Allow a post of personal privilege.
My Dad was a Navy vet of WWII, a “Tin Can Sailor” who served aboard a destroyer in the Pacific. His ship narrowly avoided diving kamikaze aircraft off Okinawa and later sailed into Tokyo Harbor as part of the fleet that would accept Japanese surrender. His ship was the 2nd in line and entered in full alert, the crew manning their battle stations, unsure if the promise of surrender was just a ruse. Growing up, I remember well the Japanese carbines and bayonets he had returned with as souvenirs.
I also remember well the Memorial Day parades down main street of small town America in the days of Ike and Elvis and my dad’s snappy new Chevy Impala with air-conditioning and a continental kit on the trunk. The American Legion led the way, bearing arms and carrying the flag, and there was my dad. A church had a big patch of grassy lawn right next to the general store, and that’s where the Legion ended up for a twenty-one gun salute.
Three times the squad fired blanks into the sky over the roof of the general store. As soon as the Legionnaires would march away, the young boys, including my brother and me, would rush onto the lawn to claim the spent shell casings. One of those boys I grew up with would later became a Major General.
I ended up a buck sergeant, E-5, and I spent Memorial Day 1970 in base camp near An Khe in the central highlands of Vietnam, waiting impatiently for the last couple days to pass before my return to Minnesota at the completion of my tour of duty. There would be plenty of friendly faces to greet my return: my fiancé (we’ll celebrate our 40th anniversary in a few weeks), Mom and Dad, my two younger sisters, but not my brother who was embarking on his own tour of duty in Vietnam. Our reunion would come later.
I remember my arrival in Fort Lewis, Washington, and the call home. Mom couldn’t talk, she just sobbed. After preliminary processing, I went to the 24-hour steak house and ate my welcome-home steak alone. After more processing, I was finally on my way to Sea-Tac airport and a standby ticket on a Northwest jet to Minneapolis. The plane was barely half-full, and a young woman asked to sit next to me although she could have sat anywhere. She bought me a drink and thanked me for my service and listened to my stories until I drifted off to sleep.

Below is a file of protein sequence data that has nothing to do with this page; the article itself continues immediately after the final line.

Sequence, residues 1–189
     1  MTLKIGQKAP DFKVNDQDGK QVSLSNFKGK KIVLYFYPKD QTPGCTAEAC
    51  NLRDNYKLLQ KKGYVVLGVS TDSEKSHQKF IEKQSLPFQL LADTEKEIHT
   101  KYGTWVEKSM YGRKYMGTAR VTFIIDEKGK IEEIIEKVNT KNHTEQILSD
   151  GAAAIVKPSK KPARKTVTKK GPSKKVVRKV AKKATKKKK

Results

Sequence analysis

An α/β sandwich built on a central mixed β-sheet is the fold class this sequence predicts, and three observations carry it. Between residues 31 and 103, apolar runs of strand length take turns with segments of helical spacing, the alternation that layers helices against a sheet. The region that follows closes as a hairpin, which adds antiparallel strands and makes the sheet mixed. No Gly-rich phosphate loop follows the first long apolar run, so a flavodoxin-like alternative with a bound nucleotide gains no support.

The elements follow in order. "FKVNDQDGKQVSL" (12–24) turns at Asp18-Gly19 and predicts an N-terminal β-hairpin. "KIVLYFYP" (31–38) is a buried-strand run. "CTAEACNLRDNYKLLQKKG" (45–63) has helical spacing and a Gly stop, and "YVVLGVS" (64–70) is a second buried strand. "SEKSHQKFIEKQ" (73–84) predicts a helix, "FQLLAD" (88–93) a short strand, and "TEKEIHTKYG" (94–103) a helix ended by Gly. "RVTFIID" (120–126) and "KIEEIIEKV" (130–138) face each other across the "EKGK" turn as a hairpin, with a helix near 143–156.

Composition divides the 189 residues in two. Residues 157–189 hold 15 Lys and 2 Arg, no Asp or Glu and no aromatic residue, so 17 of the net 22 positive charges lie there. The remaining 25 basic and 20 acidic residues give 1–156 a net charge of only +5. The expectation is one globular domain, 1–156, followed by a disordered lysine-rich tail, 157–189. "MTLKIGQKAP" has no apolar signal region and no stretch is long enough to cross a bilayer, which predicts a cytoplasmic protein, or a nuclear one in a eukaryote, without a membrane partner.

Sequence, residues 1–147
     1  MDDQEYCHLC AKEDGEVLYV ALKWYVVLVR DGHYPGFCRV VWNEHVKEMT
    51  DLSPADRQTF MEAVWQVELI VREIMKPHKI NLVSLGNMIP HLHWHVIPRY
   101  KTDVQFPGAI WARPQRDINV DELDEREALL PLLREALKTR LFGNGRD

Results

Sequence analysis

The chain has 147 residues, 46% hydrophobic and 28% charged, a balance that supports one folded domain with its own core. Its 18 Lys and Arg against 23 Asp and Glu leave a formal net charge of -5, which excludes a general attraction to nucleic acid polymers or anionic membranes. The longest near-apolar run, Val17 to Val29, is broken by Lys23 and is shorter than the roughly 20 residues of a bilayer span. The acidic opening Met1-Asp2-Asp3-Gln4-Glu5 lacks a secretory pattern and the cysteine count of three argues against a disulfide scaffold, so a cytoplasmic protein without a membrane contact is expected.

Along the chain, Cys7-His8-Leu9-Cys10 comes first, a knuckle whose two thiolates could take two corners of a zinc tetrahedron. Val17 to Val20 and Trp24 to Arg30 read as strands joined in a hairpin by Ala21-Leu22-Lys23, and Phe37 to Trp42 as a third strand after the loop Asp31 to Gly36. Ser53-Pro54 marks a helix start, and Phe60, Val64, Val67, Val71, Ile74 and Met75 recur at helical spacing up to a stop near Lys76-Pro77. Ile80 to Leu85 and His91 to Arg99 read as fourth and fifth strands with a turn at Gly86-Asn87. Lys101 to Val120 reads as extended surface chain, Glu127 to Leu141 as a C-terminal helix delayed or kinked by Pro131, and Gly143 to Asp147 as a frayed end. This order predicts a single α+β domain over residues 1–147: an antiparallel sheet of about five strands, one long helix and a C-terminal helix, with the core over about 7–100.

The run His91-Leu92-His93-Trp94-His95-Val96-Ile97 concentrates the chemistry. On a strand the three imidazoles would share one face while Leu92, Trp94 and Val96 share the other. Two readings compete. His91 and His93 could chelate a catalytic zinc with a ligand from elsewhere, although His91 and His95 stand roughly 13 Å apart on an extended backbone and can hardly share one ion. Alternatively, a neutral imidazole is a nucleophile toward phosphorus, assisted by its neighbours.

Readjustment was not difficult for me, but jet lag was. I remember waking up about 4 am and riding a bike around the deserted streets of Hopkins, Mn where I was staying with my fiancé who lived with her sister. The sunrise was glorious as the neighborhood came alive. But I was angry later when we visited a Sears store, and I saw plastic guns, replica M-16s, in the toy department. War was not a game for kids to play.
I also remember two events back home in Upsala. Dad took me to a regular meeting of his Lion’s Club. When I was introduced, they gave me a standing ovation. Bud, the small-town grocer, was the first to stand. I gave the eulogy at Bud’s funeral a couple of years ago. Two guys from Upsala died in the Vietnam war. The funeral for Jerry Kalis occurred that June while I was home on leave, and I attended in my dress uniform. I had attended the funeral for Jim Theisen before I entered the service.
Thanks for listening to my memories. Click here for a prior post about Memorial Day and here for more info about my service as a Ranger (LRRP) and the short stories I have been writing the past couple of months.